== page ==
Customs By Lopez Shows Us the House of Kolor Method for a SEMA-Worthy Custom Finish
If you were to ask 10 professional painters how they do what they do, and what products they prefer most, you’re likely to get 10 different answers. In short, there’s more than one way to skin a cat or, in this case, custom paint a classic truck. From the vast variety of manufacturers and product lines to the regional regulations that control which actual products you can use, there’s way more behind today’s custom paint jobs than you might imagine.
Read More: Auto Body and Paint Supplies 101
One of the most stringent areas in which to operate a paint and body shop is, of course, California—Southern California to be specific. With professional painters having to abide by very strict VOC (volatile organic compounds—the toxic chemicals released into the atmosphere) guidelines, the use of the traditional solvent-based materials is a thing of the past. While waterborne paint is widely used, some professional painters like Ricardo Lopez (Customs By Lopez) are taking advantage of materials developed by House of Kolor that meet those lower VOC standards.
In 2009, the California Air Resources Board (CARB) implemented its CA 2.1VOC (2.1 pounds of VOC per gallon limit for specialty coatings) guidelines to meet EPA standards. Rather than alienate custom painters not willing to switch over to water based material, companies like Sherwin-Williams or House of Kolor formulated solvent-borne products to not only satisfy government regulations but to give professional painters materials they could rely on without having to relearn the application process. Ultimately, according to the manufacturer, some products are actually lower in VOC levels than the waterborne.
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Regarding the VOC regulations, our go-to House of Kolor tech guy told us, “All of our products with an S2 or a C2C designation are California-compliant when mixed with our RU300 or RU301 Low-VOC Reducers; both of our clearcoats, USC01 Show Klear and UC21 Klear, meet the 2.1VOC standards, as do the KD3000 Expoxy Hybrid Primer/Sealers.” That all sounds great, but unless you’re a painter by trade—or even a diy guy with a paint spray gun —it may not mean a whole lot. That’s why instead of just regurgitating a bunch of facts and product names, we’ve gone to one of those painters by trade for some accompanying “photographic” insight.
Since 2002, Customs By Lopez—a third-generation automotive family business run by Ricardo and Monica Lopez—has been turning out one high-end custom build after another … each one with a signature paint job. For SEMA 2021, Ricardo decided to build a ’56 Chevy pickup for his wife, ultimately giving it the name “Monik.” And of course it would be finished off with a stunning paint job using House of Kolor’s full line of primers/sealers, base, and clearcoats—all of which we were able to witness behind the scenes as it was being applied in the booth at their Compton, California, shop.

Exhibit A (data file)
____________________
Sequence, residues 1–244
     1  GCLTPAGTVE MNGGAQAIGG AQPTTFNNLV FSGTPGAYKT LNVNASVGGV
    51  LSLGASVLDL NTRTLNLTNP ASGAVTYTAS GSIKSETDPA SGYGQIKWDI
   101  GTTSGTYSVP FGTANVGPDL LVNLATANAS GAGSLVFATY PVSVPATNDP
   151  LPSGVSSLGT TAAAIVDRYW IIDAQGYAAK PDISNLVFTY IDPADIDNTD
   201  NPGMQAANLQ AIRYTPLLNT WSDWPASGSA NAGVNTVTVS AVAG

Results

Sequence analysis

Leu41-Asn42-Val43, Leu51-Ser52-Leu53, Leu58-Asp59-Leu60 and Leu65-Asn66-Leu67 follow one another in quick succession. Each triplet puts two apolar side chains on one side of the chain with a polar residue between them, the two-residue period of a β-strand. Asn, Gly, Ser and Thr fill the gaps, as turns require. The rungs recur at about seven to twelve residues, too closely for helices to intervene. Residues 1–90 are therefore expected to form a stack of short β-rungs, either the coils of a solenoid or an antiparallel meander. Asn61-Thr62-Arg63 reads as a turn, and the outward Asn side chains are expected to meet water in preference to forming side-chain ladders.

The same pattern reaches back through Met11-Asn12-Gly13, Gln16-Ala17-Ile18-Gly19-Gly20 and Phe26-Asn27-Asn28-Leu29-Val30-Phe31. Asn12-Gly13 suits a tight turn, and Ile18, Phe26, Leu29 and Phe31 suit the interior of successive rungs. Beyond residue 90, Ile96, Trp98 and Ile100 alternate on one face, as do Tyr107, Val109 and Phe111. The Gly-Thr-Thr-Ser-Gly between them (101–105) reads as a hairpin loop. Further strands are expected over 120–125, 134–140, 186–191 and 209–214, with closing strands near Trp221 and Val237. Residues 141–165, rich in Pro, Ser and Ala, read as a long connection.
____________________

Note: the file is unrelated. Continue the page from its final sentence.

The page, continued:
House of Kolor/Valspar
Customs By Lopez
“The foundation you put under anything is incredibly important.” That’s the first thing House of Kolor declares when talking about their primer surfacer/sealers. In this case, we’re talking about the KD3000 Series DTS hybrid primer/sealers Ricardo Lopez first applied to the ’56 after all the underlying metal and bodywork had been completed. The multi-purpose direct-to-surface KD3000 can be used for high-build (for sanding) and medium-build (for multiple coat) surface priming and as final sealer. The “hybrid” aspect is in the added epoxy/acrylic polymers that greatly improve adhesion characteristics, drying times, and is easy to sand. The “S” in DTS (surface/substrate) means it can be applied directly to bare steel, aluminum, fiberglass, various plastics, and though not recommended for the antiquity of the surfaces we’re dealing with, the existing factory paint. On top of its excellent adhesion and durability, Ricardo appreciates the added bonus of less surface prep time (and less money spent on prep materials) due to how smooth the KD3000 lays out. In all, he applied three prime coats (15-minute flash time between each) of 4:1 Gray Epoxy Primer with KDA300 Hardener and one sealer coat with RU300 Reducer added.
As vital to the finished paint job as the underlying bodywork and primer/sealer are, it’s the next stage that provides the visual “wow” factor: the basecoat. No crazy graphics for Monik, rather, Ricardo relied on a combination of House of Kolor’s Shimrin 2 series to achieve the unique finish he was after. First, a custom-mixed S2-03 Galaxy Gray was used for the main base. On top of that, Ricardo applied their S2-11 Magenta Karrier Base (a semi-transparent base/toner with added pearl, metallic, or flake in varying texture) mixed with S2-FX03 Medium Silver and S2-FX02 Fine Silver. For accents, the color application was finished off S2-SG104 High Strength Red highlights.
There is no stage of any paint job that isn’t important—the outcome of each step relies on the previous, as well as the accuracy of the application. But it’s the final coats of clear that truly amplify and reveal everything beneath it (which, in the case of poor workmanship, can actually be detrimental), giving that custom paint job the glass-like protection it needs. House of Kolor’s Kosmic Urethane Show Klear is all that and more. Coast-to-coast VOC compliant, it not only provides the industry’s best UV protection, but chemical/fuel and water resistance as well. To fully enhance his custom base, Ricardo relied on House of Kolor’s USC-01 Show Klear for its high-gloss characteristics (House of Kolor’s highest available) and something they refer to as DOI (distinctness of image, the clarity of the surface below). Three coats of USC-01 with KU-152 Catalyst and RU300 Reducer were laid down before Monik was left alone to allow her finish to properly clear before Ricardo and his team got busy polishing!